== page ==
13 CAEO, ETH 2013-188

Docket Nº:ETH 2013-188
ETH 2013-188
Formal Opinion No. 2013-188
California Ethics Opinions
ISSUE: If an attorney receives from a non-party a confidential written communication between opposing counsel and opposing counsel's client, what should the attorney do if the attorney reasonably believes that the communication may not be privileged because of the crime-fraud exception to the attorney-client privilege? THE STATE BAR OF CALIFORNIA STANDING COMMITTEE ON PROFESSIONAL RESPONSIBILITY AND CONDUCT DIGEST: If an attorney receives an unsolicited intentionally transmitted written communication between opposing counsel and opposing counsel's client under circumstances reasonably suggesting that it is a confidential communication apparently sent without the consent of its owner, the attorney may not ethically read the communication, even if she suspects the crime-fraud exception might vitiate the privilege. The attorney must notify opposing counsel as soon as possible that the attorney has possession of the communication. The two attorneys should try to resolve the privilege issue or, if that fails, obtain the assistance of a court. Attorney may not read, disseminate, or otherwise use the communication or its contents absent court approval or consent of its owner.          AUTHORITIES          INTERPRETED: Rule 1-100(A) of the Rules of Professional Conduct of the State Bar of California.[1]          Code of Civil Procedure section 2018.050.          Evidence Code sections 915, 952, 954, and 956.          STATEMENT OF FACTS          Attorney represents Client in a fraud lawsuit against Company. During discovery, Attorney receives an unsolicited email from an anonymous Sender, with subject line “Client v. Company, ” and an icon notice of an attachment to the email. Upon opening the email, the first three lines of the email read, “From: [no sender]” / “To: Attorney” / “Subject: Client v. Company.” Attorney's replies to the email consistently generate an automatic “undeliverable” bounce-back notification. The text of the email reads as follows:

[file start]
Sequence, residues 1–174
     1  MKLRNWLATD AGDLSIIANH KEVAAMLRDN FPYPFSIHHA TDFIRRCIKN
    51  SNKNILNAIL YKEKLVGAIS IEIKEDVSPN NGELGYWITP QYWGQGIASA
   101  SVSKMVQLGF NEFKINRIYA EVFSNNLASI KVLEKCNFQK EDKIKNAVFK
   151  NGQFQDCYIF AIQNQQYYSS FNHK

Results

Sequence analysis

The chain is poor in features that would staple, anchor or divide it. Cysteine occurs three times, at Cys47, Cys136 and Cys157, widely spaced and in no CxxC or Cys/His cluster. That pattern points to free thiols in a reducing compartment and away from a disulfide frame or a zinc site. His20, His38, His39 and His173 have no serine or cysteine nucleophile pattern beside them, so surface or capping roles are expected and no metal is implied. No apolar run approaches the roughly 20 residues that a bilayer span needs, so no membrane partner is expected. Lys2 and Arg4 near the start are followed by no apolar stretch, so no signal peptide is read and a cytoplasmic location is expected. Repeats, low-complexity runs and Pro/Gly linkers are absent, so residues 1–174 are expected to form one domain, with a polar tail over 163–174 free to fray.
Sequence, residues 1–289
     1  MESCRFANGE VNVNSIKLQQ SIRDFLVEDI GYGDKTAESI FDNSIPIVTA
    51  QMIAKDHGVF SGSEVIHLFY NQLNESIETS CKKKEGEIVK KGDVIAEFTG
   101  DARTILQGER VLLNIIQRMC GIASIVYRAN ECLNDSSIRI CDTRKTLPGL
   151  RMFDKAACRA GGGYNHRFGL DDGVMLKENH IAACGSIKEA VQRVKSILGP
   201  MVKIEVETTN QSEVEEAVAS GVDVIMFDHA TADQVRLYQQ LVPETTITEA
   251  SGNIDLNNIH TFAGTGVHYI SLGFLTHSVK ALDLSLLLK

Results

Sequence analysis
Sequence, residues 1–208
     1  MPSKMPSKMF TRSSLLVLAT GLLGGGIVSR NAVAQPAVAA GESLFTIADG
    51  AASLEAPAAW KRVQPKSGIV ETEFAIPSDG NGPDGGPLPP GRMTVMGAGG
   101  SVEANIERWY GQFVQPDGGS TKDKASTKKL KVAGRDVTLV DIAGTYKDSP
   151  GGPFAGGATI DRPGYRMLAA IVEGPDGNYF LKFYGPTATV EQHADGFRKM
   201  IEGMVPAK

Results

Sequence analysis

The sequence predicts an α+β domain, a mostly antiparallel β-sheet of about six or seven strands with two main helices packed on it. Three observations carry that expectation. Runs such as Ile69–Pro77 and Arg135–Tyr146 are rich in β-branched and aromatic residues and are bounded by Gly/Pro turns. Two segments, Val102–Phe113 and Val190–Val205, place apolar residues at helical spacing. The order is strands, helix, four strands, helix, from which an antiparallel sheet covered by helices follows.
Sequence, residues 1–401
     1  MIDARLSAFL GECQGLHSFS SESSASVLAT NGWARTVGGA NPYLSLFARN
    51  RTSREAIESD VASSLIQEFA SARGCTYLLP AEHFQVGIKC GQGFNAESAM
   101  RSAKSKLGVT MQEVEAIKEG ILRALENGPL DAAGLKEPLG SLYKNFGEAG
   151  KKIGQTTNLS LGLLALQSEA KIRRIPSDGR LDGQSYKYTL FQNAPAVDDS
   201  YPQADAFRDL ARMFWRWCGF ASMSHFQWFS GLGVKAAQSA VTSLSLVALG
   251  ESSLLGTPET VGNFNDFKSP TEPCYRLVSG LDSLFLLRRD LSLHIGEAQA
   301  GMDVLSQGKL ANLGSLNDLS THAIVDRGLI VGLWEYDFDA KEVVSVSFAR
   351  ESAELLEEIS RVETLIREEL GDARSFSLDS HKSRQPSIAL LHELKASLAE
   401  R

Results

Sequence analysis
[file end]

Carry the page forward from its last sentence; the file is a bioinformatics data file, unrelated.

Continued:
I am an ex-employee of Company. I wish to remain anonymous. I don't want any legal help from you and do not want to hear from you at all. Providing you with the attached document is all the help you will get from me. The attached document is a confidential communication between Company and your opposing counsel. It proves that Company planned and perpetrated the fraud with the advice and assistance of your opposing counsel, who was retained for that purpose, and who has been actively involved in the fraudulent scheme from the very outset, long before the incidents described in your complaint. The attached document will prove your case. Read it and see for yourself.
         May Attorney ethically open and read the attachment? Must Attorney notify Company's counsel that Attorney has the attachment? When may Attorney use the attachment or the information conveyed in it?          DISCUSSION          The attorney-client privilege protects disclosure of a confidential communication between client and lawyer. (Evid. Code, § 954.)
“[C]onfidential communication between client and lawyer” means information transmitted between a client and his or her lawyer in the course of that relationship and in confidence by a means which, so far as the client is aware, discloses the information to no third persons other than those who are present to further the interest of the client in the consultation or those to whom disclosure is reasonably necessary for the transmission of the information or the accomplishment of the purpose for which the lawyer is consulted, and includes a legal opinion formed and the advice given by the lawyer in the course of that relationship.
(Evid. Code, § 952.)          The attorney-client privilege is a core value of the American justice system. It has been the “hallmark of our jurisprudence for almost 400 years.” Costco Wholesale Corporation v. Superior Court (2009) 47 Cal.4th 725 [101 Cal.Rptr.3d 758]:
Its fundamental purpose “is to safeguard the confidential relationship between clients and their attorneys so as to promote full and open discussion of the facts and tactics surrounding individual legal matters. [Citation.] ... [¶] Although exercise of the privilege may occasionally result in the suppression of relevant evidence, the Legislature of this state has determined that these concerns are outweighed by the importance of preserving confidentiality in the attorney-client relationship. As this court has stated: „The privilege is given on grounds of public policy in the belief that the benefits derived therefrom justify the risk that unjust decisions may sometimes result from the suppression of relevant evidence.' [Citations.]” “[T]he privilege is absolute and disclosure may not be ordered, without regard to relevance, necessity or any

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